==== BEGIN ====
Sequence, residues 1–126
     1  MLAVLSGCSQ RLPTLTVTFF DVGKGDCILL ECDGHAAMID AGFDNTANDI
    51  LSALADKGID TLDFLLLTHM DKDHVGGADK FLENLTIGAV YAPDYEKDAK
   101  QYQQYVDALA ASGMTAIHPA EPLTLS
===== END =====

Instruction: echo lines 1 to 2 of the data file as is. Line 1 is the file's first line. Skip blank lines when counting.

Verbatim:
Sequence, residues 1–126
     1  MLAVLSGCSQ RLPTLTVTFF DVGKGDCILL ECDGHAAMID AGFDNTANDI